Together with Richard Dennis, William Eckhardt taught the group of traders that in the 1980's became known as the Turtles. In his interview in The New Market Wizards, Eckhardt talked about following system rules.
"Your job is to follow the system. If the system does something that results in losses, that's just an expected part of the system. Your judgement might be on the line over the entire performance of your system, but there's no sense in which your judgement is on the line on any single trade."
"I had the experience of simultaneously trading for myself, which is what I've done for most of my career, and also managing an account for an associate, which I traded exclusively on a mechanical system. Although the performance in my account was good, the account trading entirely on a mechanical system definitely did better.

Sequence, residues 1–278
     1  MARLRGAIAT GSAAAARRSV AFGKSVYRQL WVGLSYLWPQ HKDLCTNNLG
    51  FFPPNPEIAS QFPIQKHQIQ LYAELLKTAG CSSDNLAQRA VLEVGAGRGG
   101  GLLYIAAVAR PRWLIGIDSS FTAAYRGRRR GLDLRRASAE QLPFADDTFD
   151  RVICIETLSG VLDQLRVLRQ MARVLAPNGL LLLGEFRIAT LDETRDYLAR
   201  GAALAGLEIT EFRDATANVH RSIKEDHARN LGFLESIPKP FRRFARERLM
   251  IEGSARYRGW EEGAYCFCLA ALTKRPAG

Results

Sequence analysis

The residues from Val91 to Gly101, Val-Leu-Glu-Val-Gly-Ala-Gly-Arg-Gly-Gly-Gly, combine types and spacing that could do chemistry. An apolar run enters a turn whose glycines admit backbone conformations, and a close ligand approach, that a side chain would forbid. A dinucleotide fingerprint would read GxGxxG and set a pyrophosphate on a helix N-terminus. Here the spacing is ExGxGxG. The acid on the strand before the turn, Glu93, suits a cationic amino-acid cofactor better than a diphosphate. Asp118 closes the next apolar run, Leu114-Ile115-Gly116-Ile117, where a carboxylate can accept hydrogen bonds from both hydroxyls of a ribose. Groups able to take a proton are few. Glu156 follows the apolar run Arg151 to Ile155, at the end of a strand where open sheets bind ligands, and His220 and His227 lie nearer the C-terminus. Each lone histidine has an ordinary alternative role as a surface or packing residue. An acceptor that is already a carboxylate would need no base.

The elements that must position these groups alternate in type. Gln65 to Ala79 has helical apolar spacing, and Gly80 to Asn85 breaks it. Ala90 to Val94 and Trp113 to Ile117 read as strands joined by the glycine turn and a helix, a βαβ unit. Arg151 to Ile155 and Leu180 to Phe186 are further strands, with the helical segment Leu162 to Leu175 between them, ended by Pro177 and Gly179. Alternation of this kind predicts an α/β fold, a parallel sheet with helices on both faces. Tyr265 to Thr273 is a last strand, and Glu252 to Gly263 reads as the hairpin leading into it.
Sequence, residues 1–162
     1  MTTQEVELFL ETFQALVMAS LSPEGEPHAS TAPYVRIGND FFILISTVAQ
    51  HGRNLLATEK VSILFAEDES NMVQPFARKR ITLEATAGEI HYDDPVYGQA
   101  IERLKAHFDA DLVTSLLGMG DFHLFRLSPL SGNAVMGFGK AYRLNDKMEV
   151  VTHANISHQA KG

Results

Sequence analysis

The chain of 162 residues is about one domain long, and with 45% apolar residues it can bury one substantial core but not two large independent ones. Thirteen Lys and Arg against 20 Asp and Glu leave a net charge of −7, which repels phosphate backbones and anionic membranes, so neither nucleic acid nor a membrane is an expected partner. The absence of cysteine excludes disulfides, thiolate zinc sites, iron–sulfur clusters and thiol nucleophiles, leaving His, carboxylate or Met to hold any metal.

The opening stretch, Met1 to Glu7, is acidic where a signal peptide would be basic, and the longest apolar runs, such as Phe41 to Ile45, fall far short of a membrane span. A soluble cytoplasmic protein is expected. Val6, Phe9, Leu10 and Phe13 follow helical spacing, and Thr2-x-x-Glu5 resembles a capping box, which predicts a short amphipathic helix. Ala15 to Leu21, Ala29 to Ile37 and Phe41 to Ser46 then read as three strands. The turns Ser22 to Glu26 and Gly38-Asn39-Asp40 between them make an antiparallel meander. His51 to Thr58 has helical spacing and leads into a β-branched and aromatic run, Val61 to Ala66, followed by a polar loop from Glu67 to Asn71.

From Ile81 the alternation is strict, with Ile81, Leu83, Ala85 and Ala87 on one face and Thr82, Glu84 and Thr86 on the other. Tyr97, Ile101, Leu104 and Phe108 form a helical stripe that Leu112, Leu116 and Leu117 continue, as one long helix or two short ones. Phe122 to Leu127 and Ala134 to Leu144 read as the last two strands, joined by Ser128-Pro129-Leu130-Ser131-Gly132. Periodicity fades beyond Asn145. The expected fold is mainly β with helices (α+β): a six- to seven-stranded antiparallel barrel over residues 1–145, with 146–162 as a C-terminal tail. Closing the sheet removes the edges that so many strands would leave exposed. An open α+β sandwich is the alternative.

I had known that a good system would outperform me in a windfall year, but I thought I could outperform the system in a mediocre year...this experience indicated otherwise".
"Clearly, my overriding was costing me money, even though I thought otherwise."
"If you find yourself overriding routinely, it's a sure sign that there's something that you want in the system that hasn't been included".
It's interesting that Eckhardt's thoughts are identical to Ed Seykota on these issues - go check out Seykota's interview in Market Wizards for his own take. Eckhardt and Dennis taught the Turtle traders a simple trend following system, and Seykota has been one of the most successful traders (and trend followers) ever. The discretion element revolves defining the parameters you want to use. From that point on, the results over the long run are better when those rules are followed.